Tuesday, 8 September 2015

Joe Douglas - The Cheviot, The Stag and the Black, Black Oil

Joe Douglas
was "Minus ten," when a rough-shod fusion of ceilidh and popular drama
knitted
together as something called The Cheviot, The Stag and the Black, Black
Oil began a Highland charge around the nation's village halls in 1973 that would
go on to redefine Scottish theatre as we now know it.

In the forty-two years
since, John McGrath and his 7:84 Theatre Company's melding of music hall and
political commentary has become an iconic benchmark of how theatre can fuse
radical intent with populist heart in a way that has trickled down to the
National Theatre of Scotland's equally seminal production of Black Watch and
beyond.

McGrath's original production of The Cheviot, The Stag and the Black,
Black Oil featured now well known names including John Bett, Bill Paterson and
Alex Norton in a cast that also included McGrath's actress wife, Elizabeth
MacLennan, her brother David, folk singer Dolina MacLennan and fiddler Allan
Ross.

The show more or less invented Scotland's small-scale touring theatre
circuit, inspired David
MacLennan and Dave Anderson's more rock-based radical
music theatre group, Wildcat, and defined 7:84 right up to its messy end even as
it inspired a generation of working-class audiences and would-be
performers.

While the world has turned upside down several times in the last
four decades, productions of The Cheviot, The Stag and the Black, Black Oil have
been few and far between, with the last sighted professional production being
original cast member John Bett's revival for Wildcat taking place in a marquee
on The Meadows during the 1991 Edinburgh Festival Fringe.

All of which points
to why Douglas is so keen to stage his brand new look at the show at Dundee Rep
in a production which opens this week.

"I wanted to see it," Douglas
explains. "Reading it's fine, but now, especially, after the referendum and the
General Election, I wanted to breathe life into it. "

Douglas first
discovered McGrath's play while at drama school, where one of his lecturers
talked about its influence. When Douglas moved to Glasgow, the play's influence
hung even heavier when he worked as staff director alongside John Tiffany on the
latter's production of Black Watch.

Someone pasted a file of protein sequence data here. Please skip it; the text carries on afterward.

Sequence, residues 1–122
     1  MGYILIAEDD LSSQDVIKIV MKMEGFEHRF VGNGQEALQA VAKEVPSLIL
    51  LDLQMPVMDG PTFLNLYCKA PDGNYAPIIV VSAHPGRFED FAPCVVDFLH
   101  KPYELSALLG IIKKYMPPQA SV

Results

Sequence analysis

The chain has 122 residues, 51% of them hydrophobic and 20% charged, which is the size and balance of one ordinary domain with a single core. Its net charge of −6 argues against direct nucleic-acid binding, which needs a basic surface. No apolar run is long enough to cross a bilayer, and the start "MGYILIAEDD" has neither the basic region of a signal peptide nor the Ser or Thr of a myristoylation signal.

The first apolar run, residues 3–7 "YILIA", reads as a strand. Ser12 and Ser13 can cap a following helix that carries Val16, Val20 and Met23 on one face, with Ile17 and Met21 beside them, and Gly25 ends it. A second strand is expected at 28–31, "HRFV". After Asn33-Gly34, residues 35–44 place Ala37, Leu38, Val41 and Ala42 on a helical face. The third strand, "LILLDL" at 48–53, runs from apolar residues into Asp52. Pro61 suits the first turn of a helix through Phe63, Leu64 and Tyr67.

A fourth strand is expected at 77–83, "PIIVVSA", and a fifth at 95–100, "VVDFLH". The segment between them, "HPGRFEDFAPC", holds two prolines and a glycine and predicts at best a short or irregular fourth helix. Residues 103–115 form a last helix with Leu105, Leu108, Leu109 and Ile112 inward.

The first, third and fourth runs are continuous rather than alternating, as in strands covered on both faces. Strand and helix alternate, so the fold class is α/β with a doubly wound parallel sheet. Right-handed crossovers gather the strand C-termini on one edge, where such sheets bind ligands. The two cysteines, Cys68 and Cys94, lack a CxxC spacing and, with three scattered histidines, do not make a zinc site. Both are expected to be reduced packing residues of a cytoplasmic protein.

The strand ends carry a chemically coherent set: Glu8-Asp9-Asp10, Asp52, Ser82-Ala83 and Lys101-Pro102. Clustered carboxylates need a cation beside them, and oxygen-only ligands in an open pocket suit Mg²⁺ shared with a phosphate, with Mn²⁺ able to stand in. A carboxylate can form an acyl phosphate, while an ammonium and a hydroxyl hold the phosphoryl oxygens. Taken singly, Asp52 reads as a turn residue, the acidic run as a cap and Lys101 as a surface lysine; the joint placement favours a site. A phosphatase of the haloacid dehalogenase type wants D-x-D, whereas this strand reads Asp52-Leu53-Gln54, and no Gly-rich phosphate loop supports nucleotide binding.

"I learnt so much from John about the
play's history, and about John McGrath's notion of a good
night out and being
really populist, which John's work totally is as well,” says Douglas. “There are
so many different aspects in the play about what life is like in Scotland, and
it's so fast. John McGrath talked about fast cutting when he was working in TV,
and that's what this is like. It's like a different play every five minutes.
People just don't write like that anymore."

With a team in place that
includes fellow director Graham McLaren on design while composer Aly Macrae
provides the live soundtrack, Douglas approached McGrath's widow and life-long
artistic collaborator, Elizabeth MacLennan, who was key to the creation of The
Cheviot. MacLennan sadly passed away earlier this year, but not before passing
on some sound advice to
Douglas.

"She was so sharp and so insightful,"
Douglas says. "She sounded me out for my politics as much as my theatre, just
making sure everything came from an authentic place. But she was so pleased it
was happening now, and that it was happening in Dundee, where she made her
professional acting debut. I had dreams of dancing with her on the opening
night.”

The roots of The Cheviot, The Stag and the Black, Black Oil lies in
The Great Northern Welly Boot Show, the Tom Buchan scripted, co-operatively run
extravaganza about the Upper Clyde Shipyard's work-in that made Billy Connolly a
star a year before.

After spending the 1960s writing for mould-breaking TV
cop show, Z-Cars, Birkenhead born, Oxford educated McGrath wrote plays for
Liverpool's grassroots-based Everyman Theatre, before forming 7:84 – so-named,
as surely any theatre scholar knows, after a figure in a 1966 edition of The
Economist that revealed that just seven per cent of the population owned
eighty-four per cent of the wealth. The company's first show, Trees in the Wind,
played at the Edinburgh Festival Fringe in 1971.

Wishing to extend his
populist ideas to Scots traditions, McGrath co-opted key Welly Boot Show  cast
members Paterson, Bett and Norton alongside designer and future playwright John
Byrne, who would oversee The Cheviot's ingenious pop-up book design.